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A Parents view of Autism

A Parents view of autism

A companion story to ‘A book about what autism can be like’

By Sue Adams


This is Chris.

Chris is 12 years old.

Chris has dark hair and brown eyes.

Chris has autism.


I am Chris’s mum.

This is our family’s story.


Chris has always been smiling, even when he was very little.

He used to smile at me.

Now he smiles over my shoulder, looking past me into space.

It is hard work for Chris to smile at my face.


No-one needs knows if Chris was born with autism or if it ‘just happened’.

Problems with talking were the first thing to be noticed.

“Chris should be talking by now”, said Nan.

A visit to a speech therapist gave the same answer.

So Chris and I worked on talking more.


As an older brother was diagnosed with learning problems, I thought maybe that is what Chris has too.

This is when I was told “Chris has autism”.

I was amazed.


At first I wanted to know more.

I borrowed every library book I could find.

I spent hours on the Internet.

Now I was an instant expert!


We tried special diets – they helped a bit.

We tried exercise – it helped a bit.

We did classes and reading and computers and games and more… everything helped… just a bit.


I learned that nothing was going to be the magic answer.

Lots of things can help, but just a bit.


This is when I started to cry.

I grieved that everything I expected for Chris was now on hold, that he was living in a different reality from me, a world I could sometimes be invited to visit but not to stay.


I cried for all the things that I had expected, that were ‘normal’, that were my RIGHT as a parent!

And so my tears turned to anger.

I wanted to know whose fault it was so I could yell and scream.




But, you can only cry or scream for so long.

Tears dry up of their own accord.

Screams lose their power as your throat goes hoarse.


And you realize that life goes on.

Even though your child has this label, he still needs to eat, play, sleep and learn.


So, I have done my three steps: denial, grief and anger.

Now we are moving on.


We chose for Chris to start pre-school a year late so he would cope better, and he still repeated pre-school.

In the middle of grade two, Chris’s teacher was very concerned when she had to tell us Chris may need to repeat the year level. But we agreed and, together, planned how to make it the best for Chris.


In the middle of grade three, the gap was getting bigger. The educational difference between Chris and his friends was becoming a yawning chasm.

I loved the school Chris was attending with his two brothers, but there is a limit to the resources one child can hold when the rest of the class is waiting too.


So I looked wider. A special education setting was the logical step, so I chatted, phoned and visited.


When I decided on a new school I cried again. Not because of the school, as it is fantastic, but for another small dream lost and lamented.

When Chris’s Dad and I talked about changing schools, it was his turn to cry. We were grieving again.

But the process is faster the second time around.


This time we had a light shining in the dark tunnel.


Our mainstream staff was, and still is, always helpful, eager and enthusiastic. But for Chris, in a class with 25 other students, the mountain was just getting too hard to climb.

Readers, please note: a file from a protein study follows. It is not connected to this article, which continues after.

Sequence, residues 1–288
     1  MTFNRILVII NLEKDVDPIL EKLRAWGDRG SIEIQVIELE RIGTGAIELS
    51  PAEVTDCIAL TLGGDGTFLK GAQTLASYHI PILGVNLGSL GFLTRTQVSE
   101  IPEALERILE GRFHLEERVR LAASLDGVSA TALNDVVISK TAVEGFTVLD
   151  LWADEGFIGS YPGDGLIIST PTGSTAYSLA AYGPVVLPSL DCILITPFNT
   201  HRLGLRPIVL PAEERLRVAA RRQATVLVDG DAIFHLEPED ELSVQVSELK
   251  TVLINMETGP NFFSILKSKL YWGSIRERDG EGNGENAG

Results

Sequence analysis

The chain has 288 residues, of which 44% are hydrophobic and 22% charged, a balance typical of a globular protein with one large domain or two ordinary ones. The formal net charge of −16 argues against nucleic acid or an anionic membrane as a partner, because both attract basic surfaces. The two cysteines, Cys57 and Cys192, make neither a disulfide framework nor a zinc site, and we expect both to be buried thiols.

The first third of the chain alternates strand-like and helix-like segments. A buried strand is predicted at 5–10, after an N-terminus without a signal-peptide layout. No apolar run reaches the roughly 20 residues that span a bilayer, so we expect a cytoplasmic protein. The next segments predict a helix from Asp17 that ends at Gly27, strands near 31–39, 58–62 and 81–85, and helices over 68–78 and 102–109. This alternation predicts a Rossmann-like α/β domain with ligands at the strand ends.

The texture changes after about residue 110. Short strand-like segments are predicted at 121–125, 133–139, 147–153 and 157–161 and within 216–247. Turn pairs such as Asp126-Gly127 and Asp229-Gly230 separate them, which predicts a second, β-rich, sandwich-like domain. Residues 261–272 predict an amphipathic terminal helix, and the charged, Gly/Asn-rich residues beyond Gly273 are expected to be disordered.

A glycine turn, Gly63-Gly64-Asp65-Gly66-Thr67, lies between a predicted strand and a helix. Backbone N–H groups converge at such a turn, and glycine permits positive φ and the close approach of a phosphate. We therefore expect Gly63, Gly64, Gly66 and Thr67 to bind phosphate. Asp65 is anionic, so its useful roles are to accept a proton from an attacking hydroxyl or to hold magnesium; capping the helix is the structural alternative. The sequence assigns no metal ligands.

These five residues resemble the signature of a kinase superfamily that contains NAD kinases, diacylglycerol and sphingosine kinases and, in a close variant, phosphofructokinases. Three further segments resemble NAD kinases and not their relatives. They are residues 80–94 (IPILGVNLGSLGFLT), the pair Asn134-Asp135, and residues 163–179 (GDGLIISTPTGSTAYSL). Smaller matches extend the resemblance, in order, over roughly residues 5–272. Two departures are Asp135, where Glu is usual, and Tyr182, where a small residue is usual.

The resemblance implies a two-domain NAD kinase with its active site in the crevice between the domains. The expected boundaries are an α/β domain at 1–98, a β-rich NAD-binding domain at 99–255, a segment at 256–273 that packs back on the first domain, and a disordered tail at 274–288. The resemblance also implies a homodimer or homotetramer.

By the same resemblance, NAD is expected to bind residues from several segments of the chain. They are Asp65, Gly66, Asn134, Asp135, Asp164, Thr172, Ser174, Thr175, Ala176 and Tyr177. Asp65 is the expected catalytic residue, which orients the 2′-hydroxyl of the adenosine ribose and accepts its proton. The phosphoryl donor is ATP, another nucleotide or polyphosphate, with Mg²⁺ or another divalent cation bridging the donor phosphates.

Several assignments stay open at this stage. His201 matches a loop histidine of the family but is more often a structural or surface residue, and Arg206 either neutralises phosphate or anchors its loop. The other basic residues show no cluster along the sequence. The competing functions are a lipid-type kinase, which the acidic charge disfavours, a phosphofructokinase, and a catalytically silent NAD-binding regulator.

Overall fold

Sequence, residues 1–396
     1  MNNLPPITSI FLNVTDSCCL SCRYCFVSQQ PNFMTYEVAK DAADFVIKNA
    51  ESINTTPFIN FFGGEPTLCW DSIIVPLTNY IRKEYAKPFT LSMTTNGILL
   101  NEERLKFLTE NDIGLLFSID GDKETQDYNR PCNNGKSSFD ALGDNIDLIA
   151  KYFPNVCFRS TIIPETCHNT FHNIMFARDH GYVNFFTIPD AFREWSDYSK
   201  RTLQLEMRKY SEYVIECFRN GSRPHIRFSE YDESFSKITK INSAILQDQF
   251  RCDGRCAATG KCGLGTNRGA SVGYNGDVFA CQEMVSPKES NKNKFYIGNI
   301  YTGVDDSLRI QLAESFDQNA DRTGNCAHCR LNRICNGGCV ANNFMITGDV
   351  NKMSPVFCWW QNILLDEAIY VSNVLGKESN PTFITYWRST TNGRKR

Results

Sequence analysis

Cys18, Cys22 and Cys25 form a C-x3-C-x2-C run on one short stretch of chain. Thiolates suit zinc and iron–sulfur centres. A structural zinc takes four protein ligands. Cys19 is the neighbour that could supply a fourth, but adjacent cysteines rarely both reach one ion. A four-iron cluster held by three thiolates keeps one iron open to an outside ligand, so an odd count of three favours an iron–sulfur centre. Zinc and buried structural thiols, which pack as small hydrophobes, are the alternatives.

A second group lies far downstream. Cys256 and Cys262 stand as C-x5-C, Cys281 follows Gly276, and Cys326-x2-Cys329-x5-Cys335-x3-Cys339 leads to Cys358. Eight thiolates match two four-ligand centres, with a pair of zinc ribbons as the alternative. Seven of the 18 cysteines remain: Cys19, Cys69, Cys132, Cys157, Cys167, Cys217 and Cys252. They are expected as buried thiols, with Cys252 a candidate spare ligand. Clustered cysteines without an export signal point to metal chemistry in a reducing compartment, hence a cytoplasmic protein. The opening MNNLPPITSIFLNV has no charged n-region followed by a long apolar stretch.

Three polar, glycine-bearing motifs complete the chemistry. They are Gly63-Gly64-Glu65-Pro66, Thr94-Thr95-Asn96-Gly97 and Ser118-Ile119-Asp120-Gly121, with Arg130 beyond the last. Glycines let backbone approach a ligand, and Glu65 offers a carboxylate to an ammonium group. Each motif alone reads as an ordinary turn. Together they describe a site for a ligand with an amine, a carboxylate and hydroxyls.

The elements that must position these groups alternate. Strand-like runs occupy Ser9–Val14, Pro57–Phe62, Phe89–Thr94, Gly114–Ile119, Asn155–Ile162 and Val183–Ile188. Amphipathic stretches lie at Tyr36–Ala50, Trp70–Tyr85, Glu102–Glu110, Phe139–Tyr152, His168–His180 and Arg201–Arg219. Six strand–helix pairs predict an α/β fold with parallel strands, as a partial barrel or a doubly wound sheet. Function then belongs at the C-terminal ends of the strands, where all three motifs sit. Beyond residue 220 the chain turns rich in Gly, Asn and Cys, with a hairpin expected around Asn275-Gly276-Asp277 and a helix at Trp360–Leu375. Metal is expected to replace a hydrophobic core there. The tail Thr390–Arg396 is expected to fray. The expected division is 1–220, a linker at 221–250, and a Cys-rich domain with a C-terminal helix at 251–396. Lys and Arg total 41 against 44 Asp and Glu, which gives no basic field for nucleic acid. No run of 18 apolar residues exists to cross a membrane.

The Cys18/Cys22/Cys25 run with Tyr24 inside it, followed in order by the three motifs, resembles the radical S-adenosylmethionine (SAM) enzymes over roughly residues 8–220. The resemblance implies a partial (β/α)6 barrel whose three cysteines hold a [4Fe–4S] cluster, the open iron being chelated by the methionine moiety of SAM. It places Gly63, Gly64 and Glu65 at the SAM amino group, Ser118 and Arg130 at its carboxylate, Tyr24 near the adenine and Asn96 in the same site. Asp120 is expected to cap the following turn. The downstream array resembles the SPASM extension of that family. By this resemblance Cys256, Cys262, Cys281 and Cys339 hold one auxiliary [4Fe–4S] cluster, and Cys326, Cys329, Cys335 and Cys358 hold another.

Now Chris is in a class of 12 with two full time adults – one teacher and one teacher’s aide. Chris has skipped up two grade levels to be closer to his own age group of playmates and is working to reach his own personal best. He is encouraged to stretch as far as he can, to enquire, research and theorize, to build, explore and test.


In mainstream school, Chris would still be trying to bridge the chasm, as his friends moved further ahead and out of sight.


Now Chris can play in the sand pit, take toys to school in his pocket and laugh at burp jokes that most 12 year olds have grown out of.


At home, we have timetables on the fridge to remind us about chores, homework and jobs at bedtime. We give points for good work and barter them back for treats like stories and long bath times.


For holidays, we go camping in the bush because it is quiet.

In the middle of Australia, the sky is truly dark and the stars sparkle like diamonds. We watch the campfire and drink hot milk, telling silly stories and burp jokes until it is time for bed.

Then, in the dark, I make up stories and grand adventures for three tired boys. Stories with happy endings.


Life is not simpler now but it is happier.

We have more ups than downs, more smiles than frowns.

I still tell people that “I have earned my nervous breakdown and no-one is going to deprive me of it”. I have even printed it on a t-shirt to make the point.


But recognizing and naming the problem was a big step forward for us.

Autism is still an issue for Chris and also for his younger brother but it is no longer a problem.

It is something that we are learning to work around.


We enjoy the hugs, smiles and wicked sense of humour (burp jokes are still big).

We weather the frustration, anger and sadness.


Autism has not stopped us being a family – we are just different, that’s all.


And different can be special.


Sue Adams © 2009



Post script – 2014…


Chris is in his final year at School.

The hurdles are still there but they are different now.

Chris still can’t read – it just doesn’t seem to work for him.

But his world has opened up with an e-book reader that talks.

He could not do the VCAL program as he can’t read…

But he is one of the leaders of the alternative program that the school runs.

He wants to work with wombats & that looks like it could be a possibility.

Chris has also started to show an amazing talent for ceramics – maybe his way of looking at the world could be a vision other people would like to share.